Speech and swallowing


Treatment for head and neck cancer may cause changes to parts of your mouth (lips, teeth, tongue, palate) and/or throat (pharynx, larynx), which can affect your ability to speak and/or swallow. These changes may only last a short time or they may be permanent.

Speech and voice problems can affect your daily life. This may leave you feeling frustrated, distressed or embarrassed particularly if people have trouble understanding your speech.
If you find it hard to swallow (known as dysphagia), you may notice:

  • you need to swallow many times to clear food from your mouth or throat

  • you need to clear your throat or cough while eating

  • it hurts to swallow

  • your voice sounds gurgly after swallowing.

Make sure to drink plenty of water when eating and include gravy or sauces with foods to help you swallow them more easily.

Where can I find support?

If your treatment has caused changes to your speech, voice or swallowing, you can get help from a speech pathologist. A speech pathologist is an expert in difficulties with communication and swallowing. Your doctor may recommend you see a speech pathologist before, during and after your treatment.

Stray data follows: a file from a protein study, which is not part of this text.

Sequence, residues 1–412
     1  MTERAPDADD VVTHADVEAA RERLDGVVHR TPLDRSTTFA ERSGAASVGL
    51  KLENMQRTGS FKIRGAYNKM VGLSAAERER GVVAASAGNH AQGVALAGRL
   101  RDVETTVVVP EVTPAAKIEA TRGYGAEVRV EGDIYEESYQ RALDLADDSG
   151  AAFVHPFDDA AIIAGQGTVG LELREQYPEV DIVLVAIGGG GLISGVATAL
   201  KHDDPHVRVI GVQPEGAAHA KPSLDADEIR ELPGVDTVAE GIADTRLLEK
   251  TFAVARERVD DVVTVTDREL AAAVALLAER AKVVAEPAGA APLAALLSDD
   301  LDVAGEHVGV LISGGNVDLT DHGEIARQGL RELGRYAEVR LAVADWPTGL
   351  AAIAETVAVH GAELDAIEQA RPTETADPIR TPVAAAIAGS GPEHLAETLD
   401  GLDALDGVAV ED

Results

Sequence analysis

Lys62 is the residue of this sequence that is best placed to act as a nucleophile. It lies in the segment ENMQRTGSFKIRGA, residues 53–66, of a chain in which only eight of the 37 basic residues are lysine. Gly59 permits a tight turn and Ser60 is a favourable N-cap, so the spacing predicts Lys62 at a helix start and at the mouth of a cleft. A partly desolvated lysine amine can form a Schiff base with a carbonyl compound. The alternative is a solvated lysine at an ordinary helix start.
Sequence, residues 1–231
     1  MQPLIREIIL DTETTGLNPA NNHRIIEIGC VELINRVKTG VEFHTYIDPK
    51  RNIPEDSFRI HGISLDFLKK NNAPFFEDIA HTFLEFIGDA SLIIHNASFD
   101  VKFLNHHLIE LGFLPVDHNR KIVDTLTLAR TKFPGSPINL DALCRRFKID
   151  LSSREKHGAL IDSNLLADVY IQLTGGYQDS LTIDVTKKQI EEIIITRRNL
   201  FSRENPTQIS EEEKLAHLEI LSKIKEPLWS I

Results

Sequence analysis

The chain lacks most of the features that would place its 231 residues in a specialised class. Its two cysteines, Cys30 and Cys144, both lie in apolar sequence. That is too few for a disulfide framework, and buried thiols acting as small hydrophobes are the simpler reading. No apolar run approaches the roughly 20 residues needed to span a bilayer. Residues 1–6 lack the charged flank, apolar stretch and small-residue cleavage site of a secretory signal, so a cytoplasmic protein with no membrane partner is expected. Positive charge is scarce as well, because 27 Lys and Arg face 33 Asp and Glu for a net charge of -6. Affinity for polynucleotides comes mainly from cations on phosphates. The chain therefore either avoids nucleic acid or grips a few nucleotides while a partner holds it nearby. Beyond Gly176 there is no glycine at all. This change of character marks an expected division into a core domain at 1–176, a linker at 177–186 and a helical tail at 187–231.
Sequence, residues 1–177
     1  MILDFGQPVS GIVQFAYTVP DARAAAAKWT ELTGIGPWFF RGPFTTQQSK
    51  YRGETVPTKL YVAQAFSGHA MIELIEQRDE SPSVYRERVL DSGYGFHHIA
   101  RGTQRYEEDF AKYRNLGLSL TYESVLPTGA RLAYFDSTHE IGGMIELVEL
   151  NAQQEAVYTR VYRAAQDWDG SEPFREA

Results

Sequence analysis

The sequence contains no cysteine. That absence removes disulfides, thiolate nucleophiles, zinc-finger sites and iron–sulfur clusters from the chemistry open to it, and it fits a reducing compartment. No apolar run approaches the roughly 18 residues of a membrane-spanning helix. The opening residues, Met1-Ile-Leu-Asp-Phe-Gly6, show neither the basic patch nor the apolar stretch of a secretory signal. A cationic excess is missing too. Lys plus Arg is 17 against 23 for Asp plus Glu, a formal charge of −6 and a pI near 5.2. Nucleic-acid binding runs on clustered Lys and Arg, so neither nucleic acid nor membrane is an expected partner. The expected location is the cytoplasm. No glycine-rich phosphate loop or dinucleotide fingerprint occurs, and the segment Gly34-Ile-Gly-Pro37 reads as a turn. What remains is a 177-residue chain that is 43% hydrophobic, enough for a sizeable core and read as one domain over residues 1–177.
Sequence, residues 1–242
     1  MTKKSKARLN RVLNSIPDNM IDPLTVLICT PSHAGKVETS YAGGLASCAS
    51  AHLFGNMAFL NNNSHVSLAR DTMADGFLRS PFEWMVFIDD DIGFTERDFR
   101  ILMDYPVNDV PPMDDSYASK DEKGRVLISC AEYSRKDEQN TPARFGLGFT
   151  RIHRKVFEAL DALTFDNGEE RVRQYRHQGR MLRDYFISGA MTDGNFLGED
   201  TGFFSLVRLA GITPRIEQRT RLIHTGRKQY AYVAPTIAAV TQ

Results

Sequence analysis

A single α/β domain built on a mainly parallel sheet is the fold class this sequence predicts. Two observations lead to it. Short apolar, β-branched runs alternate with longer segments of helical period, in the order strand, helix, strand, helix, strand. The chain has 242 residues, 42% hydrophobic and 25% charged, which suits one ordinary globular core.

Your speech pathologist can:

  • give you exercises or tips to help your speech and voice

  • help you plan other ways of communicating, such as writing or using a computerised voice to speak for you

  • show you how to use devices or aids if you need them

  • show you safe swallowing tricks, such as changing your head position, or the thickness of food/liquids to make it easier to swallow.

You may also get help from a doctor or a dietitian and in some cases they may recommend a feeding tube.